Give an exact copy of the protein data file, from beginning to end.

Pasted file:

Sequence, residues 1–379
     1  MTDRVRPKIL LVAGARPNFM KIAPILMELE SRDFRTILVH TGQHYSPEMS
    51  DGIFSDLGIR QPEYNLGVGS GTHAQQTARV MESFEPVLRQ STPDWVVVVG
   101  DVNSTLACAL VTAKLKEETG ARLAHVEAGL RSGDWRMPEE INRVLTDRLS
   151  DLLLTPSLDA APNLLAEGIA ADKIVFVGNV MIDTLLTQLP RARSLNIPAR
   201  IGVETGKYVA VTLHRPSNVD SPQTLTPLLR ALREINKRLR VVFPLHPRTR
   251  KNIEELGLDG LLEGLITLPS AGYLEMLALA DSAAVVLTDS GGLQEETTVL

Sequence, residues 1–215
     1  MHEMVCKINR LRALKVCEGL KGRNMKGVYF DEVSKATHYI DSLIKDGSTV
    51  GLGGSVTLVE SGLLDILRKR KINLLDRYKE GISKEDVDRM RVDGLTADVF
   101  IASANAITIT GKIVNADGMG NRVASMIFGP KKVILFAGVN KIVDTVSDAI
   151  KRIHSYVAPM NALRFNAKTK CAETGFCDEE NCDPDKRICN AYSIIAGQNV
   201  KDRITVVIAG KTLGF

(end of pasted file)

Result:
Sequence, residues 1–379
     1  MTDRVRPKIL LVAGARPNFM KIAPILMELE SRDFRTILVH TGQHYSPEMS
    51  DGIFSDLGIR QPEYNLGVGS GTHAQQTARV MESFEPVLRQ STPDWVVVVG
   101  DVNSTLACAL VTAKLKEETG ARLAHVEAGL RSGDWRMPEE INRVLTDRLS
   151  DLLLTPSLDA APNLLAEGIA ADKIVFVGNV MIDTLLTQLP RARSLNIPAR
   201  IGVETGKYVA VTLHRPSNVD SPQTLTPLLR ALREINKRLR VVFPLHPRTR
   251  KNIEELGLDG LLEGLITLPS AGYLEMLALA DSAAVVLTDS GGLQEETTVL

Sequence, residues 1–215
     1  MHEMVCKINR LRALKVCEGL KGRNMKGVYF DEVSKATHYI DSLIKDGSTV
    51  GLGGSVTLVE SGLLDILRKR KINLLDRYKE GISKEDVDRM RVDGLTADVF
   101  IASANAITIT GKIVNADGMG NRVASMIFGP KKVILFAGVN KIVDTVSDAI
   151  KRIHSYVAPM NALRFNAKTK CAETGFCDEE NCDPDKRICN AYSIIAGQNV
   201  KDRITVVIAG KTLGF